Sweet William’s Ghost: A Deadly Ballad

A dead lover returns to his still-alive fiance in the form of an apparition. He asks her to free him of their engagement or he’s bound for hell (dramatic much?). That’s essentially the gist of this English Ballad, which has many lyrical and musical variations.

Of course, there’s a push and pull between the ghost and the fiance. Usually, the ghost to appear is named William, hence the name of the ballad, and the fiance is typically called Margaret. She pushes him to marry her. He insists he’s dead. She tries to get William to kiss her, but he claims a kiss from her will end him. In some variations, she asks what the afterlife is like—because let’s be honest, if a dead lover appeared at the foot of your bed, you might be curious, too. He throws her a bone (pun intended) and tells her a little bit about what it’s like to be part of the undead.

An English superstition says the dead will haunt their lovers. This belief is apparent in “Sweet William’s Ghost.”

And then the dramatic part. William insists that if his Margaret does not release him from his promise of marriage, his soul will be cast into the fiery abyss called hell. Margaret always releases him, and in some versions Margaret dies on his grave. (I hope William treated you well when he was alive, Margaret, because otherwise it would have been wiser to send him to the devil.)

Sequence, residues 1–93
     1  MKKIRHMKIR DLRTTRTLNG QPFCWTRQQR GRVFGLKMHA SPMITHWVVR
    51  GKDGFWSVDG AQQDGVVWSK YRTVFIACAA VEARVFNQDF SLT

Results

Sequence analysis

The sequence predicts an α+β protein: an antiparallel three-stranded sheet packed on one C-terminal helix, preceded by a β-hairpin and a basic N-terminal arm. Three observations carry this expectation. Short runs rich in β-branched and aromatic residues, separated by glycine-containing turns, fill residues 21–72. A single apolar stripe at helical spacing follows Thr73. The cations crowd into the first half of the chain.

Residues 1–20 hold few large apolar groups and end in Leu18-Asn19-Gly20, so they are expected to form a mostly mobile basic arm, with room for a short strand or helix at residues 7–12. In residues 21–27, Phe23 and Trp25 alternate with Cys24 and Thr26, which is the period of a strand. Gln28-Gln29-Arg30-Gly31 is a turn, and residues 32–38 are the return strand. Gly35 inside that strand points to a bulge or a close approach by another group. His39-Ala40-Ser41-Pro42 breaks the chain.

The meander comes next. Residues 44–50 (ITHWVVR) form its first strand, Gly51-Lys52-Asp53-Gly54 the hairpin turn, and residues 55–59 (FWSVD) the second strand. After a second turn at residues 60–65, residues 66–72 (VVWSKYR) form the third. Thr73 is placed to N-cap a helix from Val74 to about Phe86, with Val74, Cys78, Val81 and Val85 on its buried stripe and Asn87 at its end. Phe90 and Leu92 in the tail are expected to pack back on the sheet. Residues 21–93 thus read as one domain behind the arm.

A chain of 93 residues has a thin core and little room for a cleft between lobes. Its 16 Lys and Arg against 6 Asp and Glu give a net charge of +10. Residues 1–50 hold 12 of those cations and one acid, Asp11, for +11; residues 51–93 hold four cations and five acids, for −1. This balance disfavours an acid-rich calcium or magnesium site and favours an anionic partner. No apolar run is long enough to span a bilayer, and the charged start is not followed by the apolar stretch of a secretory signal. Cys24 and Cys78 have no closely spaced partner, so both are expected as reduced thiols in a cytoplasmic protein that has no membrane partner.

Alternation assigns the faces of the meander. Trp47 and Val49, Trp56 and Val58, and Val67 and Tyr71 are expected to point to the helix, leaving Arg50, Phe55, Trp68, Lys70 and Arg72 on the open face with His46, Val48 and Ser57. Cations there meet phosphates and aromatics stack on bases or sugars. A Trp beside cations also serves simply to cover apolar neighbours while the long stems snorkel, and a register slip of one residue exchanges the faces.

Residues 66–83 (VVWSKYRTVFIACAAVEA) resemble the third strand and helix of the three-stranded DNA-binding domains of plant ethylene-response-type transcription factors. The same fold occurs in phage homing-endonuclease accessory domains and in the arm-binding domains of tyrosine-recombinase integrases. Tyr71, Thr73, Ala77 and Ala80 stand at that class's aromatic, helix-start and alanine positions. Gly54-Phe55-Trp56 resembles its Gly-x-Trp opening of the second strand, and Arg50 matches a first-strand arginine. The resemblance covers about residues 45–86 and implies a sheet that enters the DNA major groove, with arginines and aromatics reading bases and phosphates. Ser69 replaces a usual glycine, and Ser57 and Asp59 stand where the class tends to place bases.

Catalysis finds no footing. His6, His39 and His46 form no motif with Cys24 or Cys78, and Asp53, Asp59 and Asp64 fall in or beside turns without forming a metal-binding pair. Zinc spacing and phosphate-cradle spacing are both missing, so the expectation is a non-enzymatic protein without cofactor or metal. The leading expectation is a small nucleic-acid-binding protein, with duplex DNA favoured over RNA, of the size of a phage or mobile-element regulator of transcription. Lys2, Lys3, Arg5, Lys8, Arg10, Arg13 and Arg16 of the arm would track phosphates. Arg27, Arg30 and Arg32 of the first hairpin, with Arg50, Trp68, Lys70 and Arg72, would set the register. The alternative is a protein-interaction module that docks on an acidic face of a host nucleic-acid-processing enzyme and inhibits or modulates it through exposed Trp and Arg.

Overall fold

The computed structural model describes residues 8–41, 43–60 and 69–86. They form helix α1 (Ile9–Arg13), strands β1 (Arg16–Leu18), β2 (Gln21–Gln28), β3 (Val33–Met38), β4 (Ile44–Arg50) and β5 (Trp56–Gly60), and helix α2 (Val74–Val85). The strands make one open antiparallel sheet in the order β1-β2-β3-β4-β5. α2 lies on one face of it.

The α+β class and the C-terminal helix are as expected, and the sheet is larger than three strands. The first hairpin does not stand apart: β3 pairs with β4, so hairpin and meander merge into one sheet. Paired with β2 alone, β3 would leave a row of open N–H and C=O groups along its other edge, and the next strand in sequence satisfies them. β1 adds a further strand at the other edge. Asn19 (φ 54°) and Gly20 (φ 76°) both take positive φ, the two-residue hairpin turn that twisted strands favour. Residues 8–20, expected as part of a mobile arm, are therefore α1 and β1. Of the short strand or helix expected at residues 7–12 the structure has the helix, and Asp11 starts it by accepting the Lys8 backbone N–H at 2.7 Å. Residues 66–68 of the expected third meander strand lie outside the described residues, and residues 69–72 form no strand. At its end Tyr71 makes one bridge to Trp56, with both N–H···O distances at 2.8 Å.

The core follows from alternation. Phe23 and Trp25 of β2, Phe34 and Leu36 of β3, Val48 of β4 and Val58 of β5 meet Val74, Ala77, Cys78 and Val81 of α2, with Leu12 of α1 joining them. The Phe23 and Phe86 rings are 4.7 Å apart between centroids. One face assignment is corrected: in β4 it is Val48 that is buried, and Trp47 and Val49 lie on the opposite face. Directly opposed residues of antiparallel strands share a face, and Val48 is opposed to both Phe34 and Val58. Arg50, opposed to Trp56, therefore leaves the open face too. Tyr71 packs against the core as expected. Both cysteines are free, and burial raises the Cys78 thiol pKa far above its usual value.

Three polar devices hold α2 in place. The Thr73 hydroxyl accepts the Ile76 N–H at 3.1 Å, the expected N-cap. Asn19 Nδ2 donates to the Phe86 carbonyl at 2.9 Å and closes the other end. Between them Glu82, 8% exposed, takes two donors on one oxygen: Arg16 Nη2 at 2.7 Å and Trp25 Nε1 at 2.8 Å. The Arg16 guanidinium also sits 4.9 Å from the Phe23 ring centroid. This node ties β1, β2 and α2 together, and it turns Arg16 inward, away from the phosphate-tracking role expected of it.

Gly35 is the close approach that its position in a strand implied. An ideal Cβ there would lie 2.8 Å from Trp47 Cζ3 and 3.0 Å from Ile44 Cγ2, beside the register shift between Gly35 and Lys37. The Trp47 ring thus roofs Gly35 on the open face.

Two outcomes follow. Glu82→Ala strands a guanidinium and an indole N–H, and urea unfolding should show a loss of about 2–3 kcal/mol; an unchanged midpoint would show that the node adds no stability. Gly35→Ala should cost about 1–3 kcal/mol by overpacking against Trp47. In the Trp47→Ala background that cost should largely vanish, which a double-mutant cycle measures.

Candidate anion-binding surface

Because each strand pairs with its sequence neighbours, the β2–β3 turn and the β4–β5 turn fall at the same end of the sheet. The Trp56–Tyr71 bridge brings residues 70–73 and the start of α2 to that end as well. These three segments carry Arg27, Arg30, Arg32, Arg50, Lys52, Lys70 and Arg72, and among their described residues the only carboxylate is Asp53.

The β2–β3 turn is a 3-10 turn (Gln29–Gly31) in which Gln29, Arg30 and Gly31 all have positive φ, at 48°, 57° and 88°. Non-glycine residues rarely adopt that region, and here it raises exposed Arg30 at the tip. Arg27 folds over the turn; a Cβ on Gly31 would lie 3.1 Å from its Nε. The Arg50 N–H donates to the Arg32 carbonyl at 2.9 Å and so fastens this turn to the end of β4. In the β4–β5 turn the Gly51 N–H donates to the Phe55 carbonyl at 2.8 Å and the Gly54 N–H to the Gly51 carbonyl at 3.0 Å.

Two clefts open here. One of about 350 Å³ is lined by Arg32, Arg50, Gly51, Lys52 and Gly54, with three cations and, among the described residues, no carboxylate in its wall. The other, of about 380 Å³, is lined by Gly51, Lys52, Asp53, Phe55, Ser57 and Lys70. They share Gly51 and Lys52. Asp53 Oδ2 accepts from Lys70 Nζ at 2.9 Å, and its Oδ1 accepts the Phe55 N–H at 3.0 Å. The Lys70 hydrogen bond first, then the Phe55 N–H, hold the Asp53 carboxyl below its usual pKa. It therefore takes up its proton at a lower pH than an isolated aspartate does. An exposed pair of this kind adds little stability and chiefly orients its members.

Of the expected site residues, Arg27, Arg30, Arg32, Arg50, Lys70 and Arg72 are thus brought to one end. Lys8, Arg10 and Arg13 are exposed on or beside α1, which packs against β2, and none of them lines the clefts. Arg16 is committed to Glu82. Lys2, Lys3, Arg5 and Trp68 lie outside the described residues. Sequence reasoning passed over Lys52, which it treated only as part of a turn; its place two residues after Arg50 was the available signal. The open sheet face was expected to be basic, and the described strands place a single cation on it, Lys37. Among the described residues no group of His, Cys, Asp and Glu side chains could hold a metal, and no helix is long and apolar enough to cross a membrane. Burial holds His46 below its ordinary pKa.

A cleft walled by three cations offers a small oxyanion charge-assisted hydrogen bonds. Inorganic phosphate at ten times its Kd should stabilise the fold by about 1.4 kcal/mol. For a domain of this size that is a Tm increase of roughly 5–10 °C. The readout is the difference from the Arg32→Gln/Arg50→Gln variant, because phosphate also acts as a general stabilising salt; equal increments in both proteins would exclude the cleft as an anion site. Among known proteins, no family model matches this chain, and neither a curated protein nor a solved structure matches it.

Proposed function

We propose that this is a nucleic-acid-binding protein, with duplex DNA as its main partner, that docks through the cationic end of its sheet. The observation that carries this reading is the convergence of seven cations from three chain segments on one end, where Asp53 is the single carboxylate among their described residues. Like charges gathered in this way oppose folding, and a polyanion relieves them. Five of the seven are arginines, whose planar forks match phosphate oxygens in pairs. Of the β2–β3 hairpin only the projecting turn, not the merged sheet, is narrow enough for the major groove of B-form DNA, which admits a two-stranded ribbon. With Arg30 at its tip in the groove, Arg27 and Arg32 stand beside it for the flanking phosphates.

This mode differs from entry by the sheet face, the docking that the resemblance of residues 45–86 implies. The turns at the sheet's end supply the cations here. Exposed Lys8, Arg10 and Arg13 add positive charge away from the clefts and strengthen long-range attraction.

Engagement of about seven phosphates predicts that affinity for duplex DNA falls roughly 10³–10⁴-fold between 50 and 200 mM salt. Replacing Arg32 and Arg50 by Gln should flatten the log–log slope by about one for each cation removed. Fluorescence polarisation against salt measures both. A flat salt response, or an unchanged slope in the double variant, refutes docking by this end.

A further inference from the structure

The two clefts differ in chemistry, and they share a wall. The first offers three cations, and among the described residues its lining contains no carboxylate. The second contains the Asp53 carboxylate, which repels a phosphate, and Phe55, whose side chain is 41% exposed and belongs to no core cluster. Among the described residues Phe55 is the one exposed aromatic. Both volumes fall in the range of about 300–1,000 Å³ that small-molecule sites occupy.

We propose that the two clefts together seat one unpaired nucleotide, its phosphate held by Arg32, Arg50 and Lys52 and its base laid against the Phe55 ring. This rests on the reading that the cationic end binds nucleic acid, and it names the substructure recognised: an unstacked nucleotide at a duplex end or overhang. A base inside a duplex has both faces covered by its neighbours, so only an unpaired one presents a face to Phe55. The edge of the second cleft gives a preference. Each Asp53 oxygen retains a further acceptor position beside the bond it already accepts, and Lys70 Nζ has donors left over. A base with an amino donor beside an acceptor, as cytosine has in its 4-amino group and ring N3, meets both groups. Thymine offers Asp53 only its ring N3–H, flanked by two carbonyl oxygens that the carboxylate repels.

Where did this ballad originate? It’s heavily based on folklore and superstition. Sir Walter Scott once wrote he’d heard a story similar to “Sweet William’s Ghost” from a Shetland woman. He’d been told that a woman with a broken engagement went to see her love in London. When she found him dead, she touched his hand to ensure he didn’t come back to haunt her. Sir Walter Scott based Advertisement to the Pirate (italics) on the tale.

Title page of The English and Sottish Popular Ballads edited by Francis James Child. “Sweet William’s Ghost was included in this volume set. (Credit: Wikimedia Commons, Public Domain)

Early versions of “Sweet William’s Ghost” come from  Allan Ramsay’s The Tea-Table Miscellany in 1740 and Thomas Percy’s Reliques of Ancient English Poetry in 1765. A version of the ballad would find itself included into The English and Scottish Popular Ballads, compiled by Francis James Child. There’s also many songs similar to “Sweet William’s Ghost,” such as “Fair Margaret and Sweet William,” “Lady Margaret,” and “The Unquiet Grave.”

One version of “Sweet William’s Ghost” can be found here. Another version, where Margaret dies on William’s grave, can be found here.

A Canadian version of “Lady Margaret,” a variation of “Sweet William’s Ghost,” can he read and listened to here.


Further Readings:

The Child Ballads: 77. Sweet William’s Ghost, Text to one version.

Sweet William’s Ghost [Child 77]

Specter Bridegrooms: Folktales of Aarne-Thompson-Uther Type 365, translated and edited by D.L. Ashliman

Lady Margaret text

Sweet William’s Ghost, version by Thomas Percy

Child Ballads – Narrative

The English and Scottish Popular Ballads, Volume 2 by Francis James Child

Sweet William’s Ghost – Wikipedia

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